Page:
Death Row Inmates File Suit For Details of Execution Drugs

By Paul Gaita 02/28/14

Clayton Lockett and Charles Warner, both awaiting capital punishment in Oklahoma, are challenging the state's use of a controversial combination of lethal drugs.

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The nationwide shortage of drugs used to execute death row prisoners is forced back into the spotlight by lawsuits filed by two Oklahoma inmates seeking information about the drugs that will be used to put them to death.

Clayton Lockett and Charles Warner are scheduled to be executed by the state on March 20 and 27 for murder charges, but both have sought a restraining order against state corrections officials in order to determine whether the trio of drugs that will be used for executions have been contaminated with “particulate foreign matter or a microbial biohazard that could lead to a severe allergic reaction upon injection,” according to the suit filed by their lawyers.

Like many states that uphold the death penalty, Oklahoma has been forced to find substitute execution drugs after drug makers, mostly based in Europe, refused to sell their pharmaceuticals to Stateside prisons and corrections departments. The state’s response was to drop the requirement that inmates receive a sedative continuously during the execution and shield information about the exact nature of their execution methods.

Lawyers for Lockett and Warner do not challenge their clients’ guilt or the death penalty imposed upon them. Rather, they seek full disclosure of Oklahoma’s execution policies. Specifically, they want to know if the Tulsa-based compounding pharmacy The Apothecary Shoppe has provided the state with execution drugs. The company made national headlines earlier this year when lawyers for death row inmate Michael Taylor challenged the state of Missouri’s decision to use drugs from a compounding pharmacy, which is not regulated by the U.S. Food and Drug Administration. As a result, the drug has caused inmates to unduly suffer in the course of the execution, as was the case in the January 2014 execution of Oklahoma death row inmate Michael Lee Wilson, who screamed that his “whole body [was] burning” after receiving an injection of pentobarbital.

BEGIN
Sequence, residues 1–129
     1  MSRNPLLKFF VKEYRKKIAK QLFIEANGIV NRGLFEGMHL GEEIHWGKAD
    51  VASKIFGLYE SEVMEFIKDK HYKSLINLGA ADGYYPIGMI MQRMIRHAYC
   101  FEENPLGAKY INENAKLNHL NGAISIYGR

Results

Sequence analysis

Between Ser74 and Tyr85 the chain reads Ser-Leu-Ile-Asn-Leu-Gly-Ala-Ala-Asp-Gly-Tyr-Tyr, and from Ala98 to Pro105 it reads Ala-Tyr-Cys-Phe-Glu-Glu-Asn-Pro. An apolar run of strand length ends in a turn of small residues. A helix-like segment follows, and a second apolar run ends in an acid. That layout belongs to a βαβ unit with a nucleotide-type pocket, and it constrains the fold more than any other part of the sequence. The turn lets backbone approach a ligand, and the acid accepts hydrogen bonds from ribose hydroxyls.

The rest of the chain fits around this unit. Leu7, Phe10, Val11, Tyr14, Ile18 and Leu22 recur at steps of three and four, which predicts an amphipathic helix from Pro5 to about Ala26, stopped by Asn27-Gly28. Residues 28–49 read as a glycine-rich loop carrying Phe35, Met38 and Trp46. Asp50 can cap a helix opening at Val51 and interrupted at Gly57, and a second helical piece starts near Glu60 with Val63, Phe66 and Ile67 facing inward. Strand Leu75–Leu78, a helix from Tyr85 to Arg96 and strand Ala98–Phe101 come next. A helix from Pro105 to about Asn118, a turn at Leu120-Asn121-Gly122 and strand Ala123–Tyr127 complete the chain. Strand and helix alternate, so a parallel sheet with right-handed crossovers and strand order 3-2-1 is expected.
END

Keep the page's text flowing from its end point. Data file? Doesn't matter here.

The Apothecary Shoppe later agreed to not supply the pentobarbital for Taylor’s death sentence, which took place on February 26. Lockett and Warner’s lawyers have also expressed concern that the pentobarbital supplied to the state may have been provided by a veterinary medical supplier. A spokesperson for the Oklahoma Department of Corrections said that the office had received the lawsuit, while the director of communications for Oklahoma Attorney General Scott Pruitt noted that Oklahoma is “in compliance with the law” in regard to execution procedure.

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Paul Gaita lives in Los Angeles. He has contributed to the Los Angeles Times, Variety, LA Weekly, and The Los Angeles Beat, among many other publications and websites.